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On a recent visit to Beijing, Beverly Hills Mayor John Mirisch stopped in at the headquarters of the Dalian Wanda Group. Wanda is China’s largest property developer, with $139 billion in assets including hotels, shopping malls, sports teams, and movie theaters. The company is expanding its entertainment horizons — gobbling up U.S. cinema chains and buying Legendary Entertainment earlier this year — while developing luxury properties around the world. Now it’s looking to plant its flag in Southern California with a major hotel and condo project in Beverly Hills.

Naturally, Mirisch wanted to drop by for a face-to-face meeting.

“You want to let major investors know they’re welcome in your city,” Mirisch says. “I’d love for Wanda to consider Beverly Hills to be their Hollywood headquarters.”

But nothing is ever quite that easy in Beverly Hills. Wanda’s proposal — which is due to go before the Planning Commission Tuesday night — has kicked up a dust storm of controversy in the tony city of 34,000, including objections from the Beverly Hilton, which is across the street from the Wanda site.

“They are archenemies of Wanda because Wanda is a competitor,” says Lou Lipofsky, vice president of the Beverly Hills North Homeowners Assn. “And Wanda, of course, is an archenemy of the Hilton. The citizens are left with these two economic giants fighting with one another.”

Hospitality is big business in Beverly Hills, with rooms at five-star establishments starting at $600 a night. Wanda is investing $1.2 billion to construct two buildings — one 13 stories, the other 15 stories, with a combined 193 condominiums and 134 hotel rooms — on the site of a former Robinson’s May department store. The plan also calls for a restaurant, ballroom, spa, and rooftop bar.

The Hilton is owned by Beny Alagem, an Israeli entrepreneur who founded the Packard Bell computer company. Built by Conrad Hilton and once owned by Merv Griffin, the Beverly Hilton is a Hollywood institution: It hosts the Golden Globes and the Oscar nominees luncheon, and many celebrities have taken up residence there.

Alagem has raised objections to the Wanda project, enumerated in a 21-page letter to the City of Beverly Hills. One of his main concerns is that the complex will have a service entrance on Merv Griffin Way; this means garbage trucks and other heavy vehicles will be entering and exiting the Wanda project directly across from the entrance to the Beverly Hilton, where valets welcome celebrity guests. Alagem has also raised traffic concerns, going so far as to hire a consultant to analyze potential congestion.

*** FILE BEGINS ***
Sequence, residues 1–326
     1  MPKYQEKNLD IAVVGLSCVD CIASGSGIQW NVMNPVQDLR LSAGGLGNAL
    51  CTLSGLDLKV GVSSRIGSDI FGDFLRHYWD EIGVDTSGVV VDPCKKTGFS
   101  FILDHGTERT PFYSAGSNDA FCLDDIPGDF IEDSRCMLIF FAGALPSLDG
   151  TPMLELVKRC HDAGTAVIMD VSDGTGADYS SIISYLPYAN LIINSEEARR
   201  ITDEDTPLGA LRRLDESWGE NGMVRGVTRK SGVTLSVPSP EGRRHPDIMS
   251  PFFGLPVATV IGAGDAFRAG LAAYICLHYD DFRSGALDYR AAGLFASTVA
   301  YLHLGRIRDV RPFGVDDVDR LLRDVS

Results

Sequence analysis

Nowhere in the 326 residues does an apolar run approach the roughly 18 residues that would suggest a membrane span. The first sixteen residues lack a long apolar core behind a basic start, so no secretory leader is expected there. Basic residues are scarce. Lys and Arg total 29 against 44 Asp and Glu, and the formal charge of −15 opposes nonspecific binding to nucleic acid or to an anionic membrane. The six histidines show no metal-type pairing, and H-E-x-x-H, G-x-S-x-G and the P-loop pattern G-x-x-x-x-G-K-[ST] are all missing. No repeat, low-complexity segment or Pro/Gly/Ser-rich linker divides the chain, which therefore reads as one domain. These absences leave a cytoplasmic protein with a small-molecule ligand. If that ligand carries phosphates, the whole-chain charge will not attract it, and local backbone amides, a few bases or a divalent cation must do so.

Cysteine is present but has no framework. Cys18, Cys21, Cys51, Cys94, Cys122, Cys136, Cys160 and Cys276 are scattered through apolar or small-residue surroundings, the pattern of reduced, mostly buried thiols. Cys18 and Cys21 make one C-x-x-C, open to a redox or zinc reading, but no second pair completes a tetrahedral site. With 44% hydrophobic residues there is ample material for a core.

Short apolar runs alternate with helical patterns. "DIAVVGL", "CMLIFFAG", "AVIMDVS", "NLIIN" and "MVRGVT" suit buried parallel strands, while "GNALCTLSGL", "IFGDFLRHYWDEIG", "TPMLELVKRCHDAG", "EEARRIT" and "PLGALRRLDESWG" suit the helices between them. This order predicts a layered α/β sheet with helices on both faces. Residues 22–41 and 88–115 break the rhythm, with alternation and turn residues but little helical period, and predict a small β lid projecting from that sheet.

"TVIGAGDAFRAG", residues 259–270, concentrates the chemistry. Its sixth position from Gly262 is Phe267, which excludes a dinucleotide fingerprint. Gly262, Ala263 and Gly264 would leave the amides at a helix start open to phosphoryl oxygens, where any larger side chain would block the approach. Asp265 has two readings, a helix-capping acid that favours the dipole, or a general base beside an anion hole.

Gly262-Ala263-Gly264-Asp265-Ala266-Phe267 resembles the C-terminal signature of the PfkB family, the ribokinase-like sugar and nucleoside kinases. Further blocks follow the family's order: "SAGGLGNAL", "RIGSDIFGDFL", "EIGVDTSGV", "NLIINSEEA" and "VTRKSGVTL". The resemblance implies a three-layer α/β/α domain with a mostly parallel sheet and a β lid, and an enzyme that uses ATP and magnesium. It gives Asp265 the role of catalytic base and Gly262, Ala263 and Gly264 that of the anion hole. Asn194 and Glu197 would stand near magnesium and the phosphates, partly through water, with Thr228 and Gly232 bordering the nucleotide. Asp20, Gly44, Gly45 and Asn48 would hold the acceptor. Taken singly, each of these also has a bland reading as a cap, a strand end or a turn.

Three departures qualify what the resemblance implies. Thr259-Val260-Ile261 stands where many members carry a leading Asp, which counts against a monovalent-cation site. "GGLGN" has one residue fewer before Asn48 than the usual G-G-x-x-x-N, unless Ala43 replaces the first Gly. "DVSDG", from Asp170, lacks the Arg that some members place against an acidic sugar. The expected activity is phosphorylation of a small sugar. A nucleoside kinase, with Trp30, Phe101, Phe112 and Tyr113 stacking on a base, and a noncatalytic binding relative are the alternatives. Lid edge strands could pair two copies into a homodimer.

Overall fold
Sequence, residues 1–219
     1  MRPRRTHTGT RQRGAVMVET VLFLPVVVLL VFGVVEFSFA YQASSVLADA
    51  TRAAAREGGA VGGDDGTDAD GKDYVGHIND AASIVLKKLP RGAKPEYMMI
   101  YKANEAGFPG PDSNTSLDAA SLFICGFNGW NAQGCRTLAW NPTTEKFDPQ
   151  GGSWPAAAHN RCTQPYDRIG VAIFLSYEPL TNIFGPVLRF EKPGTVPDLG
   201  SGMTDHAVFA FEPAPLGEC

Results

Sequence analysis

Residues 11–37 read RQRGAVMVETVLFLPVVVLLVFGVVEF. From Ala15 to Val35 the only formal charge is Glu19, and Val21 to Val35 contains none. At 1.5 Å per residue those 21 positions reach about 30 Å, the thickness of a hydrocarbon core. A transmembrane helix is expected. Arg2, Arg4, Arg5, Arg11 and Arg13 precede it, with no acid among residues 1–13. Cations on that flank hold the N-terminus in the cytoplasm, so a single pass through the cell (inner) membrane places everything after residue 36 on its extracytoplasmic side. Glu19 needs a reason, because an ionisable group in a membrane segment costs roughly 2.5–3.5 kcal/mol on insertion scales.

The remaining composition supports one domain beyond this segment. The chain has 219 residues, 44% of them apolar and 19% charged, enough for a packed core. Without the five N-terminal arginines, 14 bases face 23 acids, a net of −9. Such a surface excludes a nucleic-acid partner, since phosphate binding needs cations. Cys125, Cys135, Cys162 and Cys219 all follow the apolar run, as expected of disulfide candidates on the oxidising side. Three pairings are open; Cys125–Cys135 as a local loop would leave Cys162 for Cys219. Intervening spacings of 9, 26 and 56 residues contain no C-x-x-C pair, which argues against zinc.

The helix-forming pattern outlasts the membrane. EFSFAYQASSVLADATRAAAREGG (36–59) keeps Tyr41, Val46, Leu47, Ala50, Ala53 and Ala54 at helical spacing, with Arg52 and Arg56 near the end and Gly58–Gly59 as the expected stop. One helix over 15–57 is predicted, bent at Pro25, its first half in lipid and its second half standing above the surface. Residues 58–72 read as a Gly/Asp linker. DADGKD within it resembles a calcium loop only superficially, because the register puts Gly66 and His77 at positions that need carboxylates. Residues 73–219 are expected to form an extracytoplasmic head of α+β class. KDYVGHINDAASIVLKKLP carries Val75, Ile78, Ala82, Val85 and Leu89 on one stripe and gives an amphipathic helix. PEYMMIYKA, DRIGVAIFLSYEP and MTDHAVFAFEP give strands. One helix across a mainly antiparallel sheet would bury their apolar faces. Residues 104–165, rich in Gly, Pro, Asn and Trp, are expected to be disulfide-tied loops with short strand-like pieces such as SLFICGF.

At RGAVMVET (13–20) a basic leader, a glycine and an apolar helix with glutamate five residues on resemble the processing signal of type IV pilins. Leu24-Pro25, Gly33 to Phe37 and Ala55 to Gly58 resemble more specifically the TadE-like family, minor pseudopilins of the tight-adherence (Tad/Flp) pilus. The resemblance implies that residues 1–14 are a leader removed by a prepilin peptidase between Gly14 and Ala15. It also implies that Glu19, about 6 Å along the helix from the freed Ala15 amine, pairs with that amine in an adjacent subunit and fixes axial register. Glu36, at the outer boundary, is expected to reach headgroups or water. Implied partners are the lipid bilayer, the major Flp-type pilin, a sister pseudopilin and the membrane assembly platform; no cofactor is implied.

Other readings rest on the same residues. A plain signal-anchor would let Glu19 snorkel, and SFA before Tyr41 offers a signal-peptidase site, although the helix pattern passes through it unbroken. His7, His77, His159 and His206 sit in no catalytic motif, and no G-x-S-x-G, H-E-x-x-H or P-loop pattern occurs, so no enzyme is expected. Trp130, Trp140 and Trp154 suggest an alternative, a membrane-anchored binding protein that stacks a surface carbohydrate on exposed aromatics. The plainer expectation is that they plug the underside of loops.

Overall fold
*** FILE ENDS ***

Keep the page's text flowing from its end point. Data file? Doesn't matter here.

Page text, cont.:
Meanwhile, Alagem has controversial plans for the Hilton property — plans that are up for a citywide vote in November. He wants to build a 375-foot condominium tower on the southwest corner of the property, at Santa Monica and Merv Griffin Way. This would accompany the 12-story, 170-room Waldorf Astoria hotel the company is constructing on the easternmost corner of the property, expected to open next year.

“Wanda, of course, is an archenemy of the Hilton. The citizens are left with these two economic giants fighting with one another.”
Lou Lipofsky, Beverly Hills North Homeowners Assn.

Wanda is forming a committee in an attempt to defeat Alagem at the polls. And the group is not alone in opposing Alagem’s ballot initiative — Mirisch has been vocal in his opposition, saying the tower would be out of scale for Beverly Hills and would make the city look like nearby Century City, which has a cluster of high-rise buildings.

“In theory, you could have the domino effect,” Mirisch says. “The Peninsula, which is just across the street, could say, ‘Wait a second, we want to build 40 stories.’ And then there goes the neighborhood.”

Beverly Hills has a rich tradition of hotel wars. Plans for a proposed Four Seasons were defeated in a 1984 referendum. In 2005, the Peninsula put up $500,000 in an unsuccessful effort to defeat the Montage. Alagem’s earlier plans for the Beverly Hilton property narrowly survived a 2008 referendum.

The Hilton/Wanda battle is just getting started, but it has already seen intrigue. The city has received two letters opposing the Wanda project from attorneys who did not identify their clients. One letter, 87 pages long, expanded on traffic and other concerns that were raised in the Hilton missive.

“Our clients are composed of residents and businesses that are concerned about development in West L.A.,” says Jamie Hall, the attorney who wrote the letter.

In Beverly Hills, there is widespread suspicion that the Hilton was involved. Asked about those concerns, Hilton spokeswoman Marie Garvey said only, “I am not responding to rumors.”

The Wanda project is sure to face a bumpy road as it heads to the City Council next month. Councilwoman Nancy Krasne, a supporter of the Hilton project, intends to ask Mirisch to recuse himself from the Wanda vote, saying the mayor “is acting like a paid lobbyist” for Wanda.

“What they want is insane,” she says of Wanda. “We’ll have four hotels in a row if that goes in.”